- HMRC does not do ‘sweetheart deals’ with anyone
- HMRC ensures all taxpayers pay what they owe
- HMRC has successfully tackled coronavirus help scheme fraud and error
- HMRC customer service has not been impacted by staff working from home
- Making Tax Digital reduces errors and does not add costs or admin burden to businesses
- How HMRC contacts its customers
HMRC does not do ‘sweetheart deals’ with anyone
Fact: HMRC does not do ‘sweetheart deals’. HMRC makes sure every taxpayer, no matter what their size, pays everything they owe.
HMRC collects the right amount of tax due under UK law. We make sure every taxpayer, no matter what their size, pays everything they owe.
There are no special deals or reduced rates – everyone has to pay what they owe whether you’re a multinational or someone in Self Assessment.
Last year (2020 to 2021, HMRC’s efforts saw the biggest businesses pay an extra £13.2 billion. This is money that would have gone unpaid without our intervention. Since 2010, we have brought in £94 billion of additional tax from large businesses that would otherwise have not reached our schools, hospitals and other vital public services.
When HMRC and a taxpayer dispute how much tax is due, there are only 2 ways to resolve this:
1) the business agrees to pay the tax, interest and penalties owed
2) the matter is taken to a tribunal or court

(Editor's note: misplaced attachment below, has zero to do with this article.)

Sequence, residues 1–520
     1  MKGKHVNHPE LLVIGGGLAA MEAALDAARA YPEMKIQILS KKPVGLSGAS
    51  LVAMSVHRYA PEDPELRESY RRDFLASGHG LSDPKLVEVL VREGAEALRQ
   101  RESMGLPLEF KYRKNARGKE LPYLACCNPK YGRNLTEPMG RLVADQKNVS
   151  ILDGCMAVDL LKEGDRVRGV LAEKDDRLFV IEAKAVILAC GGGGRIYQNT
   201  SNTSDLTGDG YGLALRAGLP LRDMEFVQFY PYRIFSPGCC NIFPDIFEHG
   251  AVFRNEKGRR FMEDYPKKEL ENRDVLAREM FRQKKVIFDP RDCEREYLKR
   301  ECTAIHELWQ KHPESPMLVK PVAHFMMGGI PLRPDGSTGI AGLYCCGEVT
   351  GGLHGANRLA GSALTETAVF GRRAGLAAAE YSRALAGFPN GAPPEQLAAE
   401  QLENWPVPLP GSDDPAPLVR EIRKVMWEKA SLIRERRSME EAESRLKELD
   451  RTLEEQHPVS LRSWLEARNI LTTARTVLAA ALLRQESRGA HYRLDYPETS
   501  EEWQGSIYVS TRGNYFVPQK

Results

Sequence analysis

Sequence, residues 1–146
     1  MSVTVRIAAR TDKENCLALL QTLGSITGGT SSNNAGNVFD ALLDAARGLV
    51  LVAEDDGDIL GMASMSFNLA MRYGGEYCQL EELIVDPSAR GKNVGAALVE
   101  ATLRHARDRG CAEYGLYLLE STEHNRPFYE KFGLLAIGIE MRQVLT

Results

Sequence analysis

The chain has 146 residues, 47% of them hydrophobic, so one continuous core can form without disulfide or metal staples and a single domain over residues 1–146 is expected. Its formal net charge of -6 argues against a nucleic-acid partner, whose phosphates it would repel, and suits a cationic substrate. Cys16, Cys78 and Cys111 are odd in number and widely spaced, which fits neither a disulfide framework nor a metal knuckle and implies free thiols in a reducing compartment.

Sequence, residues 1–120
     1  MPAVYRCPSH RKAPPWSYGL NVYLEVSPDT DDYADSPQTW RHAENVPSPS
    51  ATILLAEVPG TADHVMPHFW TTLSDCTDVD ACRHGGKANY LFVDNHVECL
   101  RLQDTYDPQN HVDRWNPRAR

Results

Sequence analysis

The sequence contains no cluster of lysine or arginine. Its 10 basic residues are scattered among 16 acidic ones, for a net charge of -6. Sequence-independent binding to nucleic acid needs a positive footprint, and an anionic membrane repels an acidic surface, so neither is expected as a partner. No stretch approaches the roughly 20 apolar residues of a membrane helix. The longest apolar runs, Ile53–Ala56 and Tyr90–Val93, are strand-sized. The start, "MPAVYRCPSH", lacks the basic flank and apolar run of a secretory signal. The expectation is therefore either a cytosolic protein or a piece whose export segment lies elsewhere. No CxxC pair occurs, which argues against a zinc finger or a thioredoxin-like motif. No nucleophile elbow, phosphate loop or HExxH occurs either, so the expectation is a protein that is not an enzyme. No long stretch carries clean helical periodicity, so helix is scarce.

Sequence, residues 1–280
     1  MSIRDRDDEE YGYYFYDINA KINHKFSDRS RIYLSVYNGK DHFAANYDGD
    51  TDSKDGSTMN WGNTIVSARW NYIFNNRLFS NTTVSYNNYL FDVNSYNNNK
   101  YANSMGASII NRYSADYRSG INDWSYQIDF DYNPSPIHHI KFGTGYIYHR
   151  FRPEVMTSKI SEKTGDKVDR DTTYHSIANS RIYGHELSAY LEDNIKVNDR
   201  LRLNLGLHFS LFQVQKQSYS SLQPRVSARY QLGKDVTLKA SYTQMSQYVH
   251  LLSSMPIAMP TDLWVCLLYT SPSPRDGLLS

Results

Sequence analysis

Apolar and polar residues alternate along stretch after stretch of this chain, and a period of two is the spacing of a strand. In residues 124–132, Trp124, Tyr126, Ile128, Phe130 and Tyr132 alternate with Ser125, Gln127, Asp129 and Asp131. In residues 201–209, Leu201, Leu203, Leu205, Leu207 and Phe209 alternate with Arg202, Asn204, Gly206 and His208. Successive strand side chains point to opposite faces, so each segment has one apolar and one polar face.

When a business agrees to pay the tax due, there is a legal process to be followed and it is the same for the smallest businesses and for global enterprises. The vast majority of disputes, large and small, are settled this way.
HMRC will never accept a lower payment than we could win in court. We will only accept the full amount of tax, interest and penalties owed.
If multinational corporations do not agree to settle a dispute with HMRC, we will take this to a tribunal, and we win most cases.
The National Audit Office (NAO), the UK’s Independent public spending watchdog, has full access to HMRC’s papers and has previously scrutinised the way that we resolve tax disputes in large and complex enquiries. In 2012, the NAO appointed a retired High Court Judge to examine our largest settlements and concluded that HMRC had obtained good settlements in all cases.